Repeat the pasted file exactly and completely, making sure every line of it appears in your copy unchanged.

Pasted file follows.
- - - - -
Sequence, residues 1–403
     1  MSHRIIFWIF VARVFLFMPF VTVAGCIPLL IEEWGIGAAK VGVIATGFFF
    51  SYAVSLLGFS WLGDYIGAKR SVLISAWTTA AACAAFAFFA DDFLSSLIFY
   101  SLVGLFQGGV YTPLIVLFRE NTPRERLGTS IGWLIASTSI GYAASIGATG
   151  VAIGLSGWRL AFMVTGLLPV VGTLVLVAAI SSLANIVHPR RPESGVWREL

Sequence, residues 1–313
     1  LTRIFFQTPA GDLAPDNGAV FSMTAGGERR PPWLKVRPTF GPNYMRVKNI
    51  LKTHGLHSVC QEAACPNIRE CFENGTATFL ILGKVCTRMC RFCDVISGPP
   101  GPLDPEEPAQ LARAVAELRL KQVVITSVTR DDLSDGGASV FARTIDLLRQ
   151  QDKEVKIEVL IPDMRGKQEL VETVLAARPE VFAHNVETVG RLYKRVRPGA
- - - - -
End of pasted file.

Sequence, residues 1–403
     1  MSHRIIFWIF VARVFLFMPF VTVAGCIPLL IEEWGIGAAK VGVIATGFFF
    51  SYAVSLLGFS WLGDYIGAKR SVLISAWTTA AACAAFAFFA DDFLSSLIFY
   101  SLVGLFQGGV YTPLIVLFRE NTPRERLGTS IGWLIASTSI GYAASIGATG
   151  VAIGLSGWRL AFMVTGLLPV VGTLVLVAAI SSLANIVHPR RPESGVWREL

Sequence, residues 1–313
     1  LTRIFFQTPA GDLAPDNGAV FSMTAGGERR PPWLKVRPTF GPNYMRVKNI
    51  LKTHGLHSVC QEAACPNIRE CFENGTATFL ILGKVCTRMC RFCDVISGPP
   101  GPLDPEEPAQ LARAVAELRL KQVVITSVTR DDLSDGGASV FARTIDLLRQ
   151  QDKEVKIEVL IPDMRGKQEL VETVLAARPE VFAHNVETVG RLYKRVRPGA